*Medications included bronchodilators, steroids, analgesia (excluding opiates), antiepileptic agents, antiarryhtmic agents, diuretics, metaraminol
FBE = full blood exam; UEC = electrolytes, urea, creatinine; Coags = coagulation profile;
LFT = liver function tests; CMP = calcium magnesium phosphate; ECG = electrocardiogram;
CT = computed tomography scan; IV = intravenous.

Table 3: The doctors and nurses involved in the ARRC along with their time (in minutes) spent for each ARRC is described. The cost of investigations performed during each ARRC is included. Based on this, the maximum opportunity wages were calculated using Supplementary Table 1B.

c

*Based on maximum workforce wages. We have also calculated the cost based on minimum and average workforce wages. Refer Supplementary Tables 3A and 3B.

ARRC = Avoidable Rapid Response Call; Med = medical; reg = registrar; CCLN = critical care liaison nurse; RN = registered nurse; ANUM = associate nurse unit manager; PSM = patient service manager; Cons = consultant.

Discussion

We found that approximately 10% of RRC at our hospital were avoidable, with many of these patients being subjected to non-beneficial investigations and interventions. This poses significant challenges for both the afferent and efferent limbs2 of the RRS. This was associated with a small but important cost (that includes both financial and opportunity costs). This is the first paper to explore the incidence and financial costs of ARRC in the Australian inpatient setting.

ARRC in the current study were associated with a maximum cost of approximately AUD $6,128.56 in equipment, investigations, management and staff time. Although it is a relatively small figure, it reflects only the expenditure related to a single inappropriate aspect of patients’ care over a six-month period, and at a single centre. It is also likely that this figure represents only a fraction of the proportion of healthcare expenditure that is unnecessarily spent on inappropriate interventions for patients who require, or would prefer, only symptom management and comfort care.

Most ARRCs happened within three days from the time that patients were documented to be not for further RRCs. The median time for the ARRCs was 22 minutes, with some RRCs observed to be as long as 71 minutes. The reasons for this are unclear; however, discussions with primary teams and patients’ family take time. A previous study reported that limitation of medical therapy-based RRC often took considerably longer than other RRCs.11

A majority of patients in our study who had a ARRC were admitted under medical teams. The reasons why ARRC may be more common for medical than surgical patients are unclear.

Performing basic interventions such as administering supplemental oxygen or intravenous fluids, suctioning patients’ upper airways, securing intravenous access and ordering basic investigations (ECG, arterial blood gases, chest x-ray and routine bloods)20 have become an expectation for RRCs. These interventions come at a cost to the patient/family’s quality of life and experience, staffing resources and finances. Rather than being reactive, the RRTs should consider whether such interventions and investigations are appropriate or necessary in dying patients.

A recent multicentre study reported that 29.5% of patients with a LOMT had a RRC on the same day that they died.11 Similarly we found that most ARRC were in the final days of patient’s lives. This suggests that an important trigger for ARRC may be due to the urgent need for symptom control at the end of life.21 Other potential triggers could include a lack of clear documentation or other communication between patients, family and carer providers regarding goals of care and limitations of treatment.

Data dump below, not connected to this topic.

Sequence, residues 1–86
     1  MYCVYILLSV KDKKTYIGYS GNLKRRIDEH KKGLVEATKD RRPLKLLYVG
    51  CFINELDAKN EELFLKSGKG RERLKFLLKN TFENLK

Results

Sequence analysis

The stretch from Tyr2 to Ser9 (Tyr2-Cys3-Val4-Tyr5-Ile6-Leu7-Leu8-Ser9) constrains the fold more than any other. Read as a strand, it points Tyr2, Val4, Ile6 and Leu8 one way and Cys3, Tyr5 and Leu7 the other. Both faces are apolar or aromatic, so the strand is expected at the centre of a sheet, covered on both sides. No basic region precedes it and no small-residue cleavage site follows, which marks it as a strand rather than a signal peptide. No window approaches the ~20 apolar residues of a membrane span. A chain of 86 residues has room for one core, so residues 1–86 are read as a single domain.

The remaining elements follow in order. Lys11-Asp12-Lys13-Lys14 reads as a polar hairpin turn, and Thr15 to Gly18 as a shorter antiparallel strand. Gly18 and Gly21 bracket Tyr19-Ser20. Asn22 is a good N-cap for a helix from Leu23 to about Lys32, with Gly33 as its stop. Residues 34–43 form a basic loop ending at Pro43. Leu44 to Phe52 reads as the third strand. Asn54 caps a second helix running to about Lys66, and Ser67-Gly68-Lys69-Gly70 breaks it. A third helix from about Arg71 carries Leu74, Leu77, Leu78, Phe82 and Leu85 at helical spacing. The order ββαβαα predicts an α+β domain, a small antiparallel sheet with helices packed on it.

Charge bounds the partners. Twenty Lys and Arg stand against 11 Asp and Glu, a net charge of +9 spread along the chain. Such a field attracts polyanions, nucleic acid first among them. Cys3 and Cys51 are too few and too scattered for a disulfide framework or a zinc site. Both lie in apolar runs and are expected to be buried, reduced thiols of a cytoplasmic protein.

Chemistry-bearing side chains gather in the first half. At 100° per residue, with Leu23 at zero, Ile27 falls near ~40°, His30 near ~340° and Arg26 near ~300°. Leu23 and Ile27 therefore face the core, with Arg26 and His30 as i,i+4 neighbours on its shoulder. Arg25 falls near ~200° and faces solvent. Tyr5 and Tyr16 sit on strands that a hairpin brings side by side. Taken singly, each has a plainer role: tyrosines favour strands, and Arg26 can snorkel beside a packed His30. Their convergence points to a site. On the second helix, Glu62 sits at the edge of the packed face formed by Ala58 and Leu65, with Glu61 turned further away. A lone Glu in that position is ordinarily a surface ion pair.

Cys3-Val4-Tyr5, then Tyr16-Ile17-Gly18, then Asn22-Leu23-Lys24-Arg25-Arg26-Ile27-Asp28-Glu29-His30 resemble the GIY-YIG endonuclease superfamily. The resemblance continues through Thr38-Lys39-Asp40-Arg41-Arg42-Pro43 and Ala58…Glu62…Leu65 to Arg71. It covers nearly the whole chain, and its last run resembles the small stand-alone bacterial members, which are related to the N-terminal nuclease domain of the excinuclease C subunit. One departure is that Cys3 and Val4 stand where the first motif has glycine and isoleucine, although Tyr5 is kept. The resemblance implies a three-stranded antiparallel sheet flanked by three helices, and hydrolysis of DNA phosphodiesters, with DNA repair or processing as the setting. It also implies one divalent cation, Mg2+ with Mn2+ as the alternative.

Enhanced services such as effective management of physical, psychological and spiritual distress; timely and sensitive communication about appropriate goals of patient care; alignment of treatment with patient preferences; attention to families’ needs and concerns; planning for care transitions; and support for clinicians at the end of life could help reduce the number of ARRC and potentially improve patient and carer’s experiences.21–26

A recent review observed that LOMT discussions occurred more commonly than resuscitation interventions such as endotracheal intubation. This review also highlighted the fact that none of the studies reported the frequency of palliative care interventions implemented by the MET.25,27 There is good evidence that formal involvement of palliative care at the end-of-life improves patient and carer outcomes,23,24 however, such services appear to be underutilised.4,22 Likewise, patients who had ARRC activations were less likely to have palliative care consultations to those who did not.22 The reasons for this are unclear and warrant further investigation.

We believe that a multidisciplinary team approach should be adopted in managing these patients, with timely referral to palliative care teams. The concept of a palliative emergency team (PET) warrants further investigation. This may present a more cost-effective and appropriate alternative to RRCs for patients on end-of-life pathways, once the educational and behavior shaping components are optimised.

Even though clinicians should not be discouraged from activating RRCs, ARRC should be avoided to maximise comfort and dignity in the last days of life.

Demystifying definitions and terminology such as ‘palliative care’, ‘not for resuscitation’, ‘advance care planning’ and ‘advance health directive’ is prudent to aid communication and standardising practice.28

Although most clinicians working in acute facilities will participate in providing end-of-life care to patients, it appears that the management of this care varies due to knowledge gaps, skill and experience among the clinicians caring for the patient.29,30 Active education, using simulation and role playing will be beneficial for all healthcare professionals.